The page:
WASHINGTON — The White House says President Joe Biden had close contact with a staff member who later tested positive for the coronavirus and is experiencing symptoms of COVID-19.
Press secretary Jen Psaki said in a statement Monday night that the staff member tested positive earlier in the day. Psaki says the staff member spent about 30 minutes around the president on Air Force One on Friday during a trip from Orange, South Carolina, to Philadelphia.
Psaki says the staff member is fully vaccinated and boosted and tested negative before boarding Air Force One. She says the staffer began experiencing symptoms Sunday night.
Psaki says the 79-year-old Biden is tested regularly for the virus and has had two negative tests since Sunday. She says he will be tested again Wednesday.
HOUSTON — An unvaccinated man with health issues has become the first person in the Houston area whose death has been linked to COVID-19 caused by the omicron variant of the coronavirus.
Harris County Judge Lina Hidalgo announced the death of the man in his 50s during a news conference Monday.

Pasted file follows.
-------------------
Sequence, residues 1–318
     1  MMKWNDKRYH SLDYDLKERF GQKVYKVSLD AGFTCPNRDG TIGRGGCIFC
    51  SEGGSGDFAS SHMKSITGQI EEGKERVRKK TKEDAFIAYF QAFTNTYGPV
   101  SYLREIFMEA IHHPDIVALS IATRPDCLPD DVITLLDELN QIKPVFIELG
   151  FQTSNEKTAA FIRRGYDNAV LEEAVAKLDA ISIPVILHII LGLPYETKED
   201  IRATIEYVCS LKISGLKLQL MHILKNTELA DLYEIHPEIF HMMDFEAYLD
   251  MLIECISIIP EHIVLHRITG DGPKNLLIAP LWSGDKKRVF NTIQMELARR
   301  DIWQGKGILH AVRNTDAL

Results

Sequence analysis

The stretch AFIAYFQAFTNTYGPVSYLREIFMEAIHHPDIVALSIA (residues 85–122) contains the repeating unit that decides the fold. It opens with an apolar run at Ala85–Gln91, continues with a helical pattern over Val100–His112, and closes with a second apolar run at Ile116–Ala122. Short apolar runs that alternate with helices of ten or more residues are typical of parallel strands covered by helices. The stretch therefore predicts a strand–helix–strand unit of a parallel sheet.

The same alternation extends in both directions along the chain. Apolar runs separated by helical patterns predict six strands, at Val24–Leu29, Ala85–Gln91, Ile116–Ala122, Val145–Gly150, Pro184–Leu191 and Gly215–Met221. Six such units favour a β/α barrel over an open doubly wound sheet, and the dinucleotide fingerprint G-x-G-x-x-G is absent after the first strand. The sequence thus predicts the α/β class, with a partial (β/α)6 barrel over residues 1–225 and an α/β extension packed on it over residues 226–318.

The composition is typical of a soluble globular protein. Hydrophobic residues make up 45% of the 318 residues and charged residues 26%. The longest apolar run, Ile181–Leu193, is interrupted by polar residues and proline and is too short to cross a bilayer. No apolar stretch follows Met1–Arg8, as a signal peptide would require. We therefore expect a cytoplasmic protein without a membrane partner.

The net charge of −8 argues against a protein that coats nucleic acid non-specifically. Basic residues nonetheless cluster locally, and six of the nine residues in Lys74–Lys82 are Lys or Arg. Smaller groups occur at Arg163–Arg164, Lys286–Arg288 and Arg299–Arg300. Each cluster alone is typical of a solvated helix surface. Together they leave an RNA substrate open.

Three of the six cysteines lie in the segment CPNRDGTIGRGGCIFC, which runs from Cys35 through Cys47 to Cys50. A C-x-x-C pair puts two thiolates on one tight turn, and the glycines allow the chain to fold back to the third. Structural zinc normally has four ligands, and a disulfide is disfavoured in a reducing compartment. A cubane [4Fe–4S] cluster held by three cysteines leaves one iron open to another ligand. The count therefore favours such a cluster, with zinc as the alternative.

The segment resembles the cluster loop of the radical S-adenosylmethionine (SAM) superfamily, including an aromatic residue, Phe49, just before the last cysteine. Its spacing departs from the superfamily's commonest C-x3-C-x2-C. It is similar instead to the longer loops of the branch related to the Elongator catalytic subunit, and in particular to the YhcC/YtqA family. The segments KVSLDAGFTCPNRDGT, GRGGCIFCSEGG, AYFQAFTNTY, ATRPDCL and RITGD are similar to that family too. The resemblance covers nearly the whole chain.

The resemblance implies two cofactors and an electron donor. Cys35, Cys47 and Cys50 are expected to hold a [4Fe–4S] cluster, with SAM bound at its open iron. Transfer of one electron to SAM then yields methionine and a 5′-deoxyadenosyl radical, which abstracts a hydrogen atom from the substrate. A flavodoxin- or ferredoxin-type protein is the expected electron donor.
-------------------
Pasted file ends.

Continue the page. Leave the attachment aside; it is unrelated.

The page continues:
One Houston hospital system has reported the omicron variant is accounting for 82% of new COVID-19 cases it is treating.
The medical director of diagnostic microbiology at Houston Methodist Hospital said in a tweet Sunday that the omicron variant became the “cause of the supermajority” of new Houston Methodist cases in less than three weeks. In comparison, the delta variant took three months during the summer before it was the cause of more than 80% of cases.
ATLANTA — The number of patients hospitalized with COVID-19 has risen almost 50% in Georgia in the last month, and the number of infections detected continues to accelerate.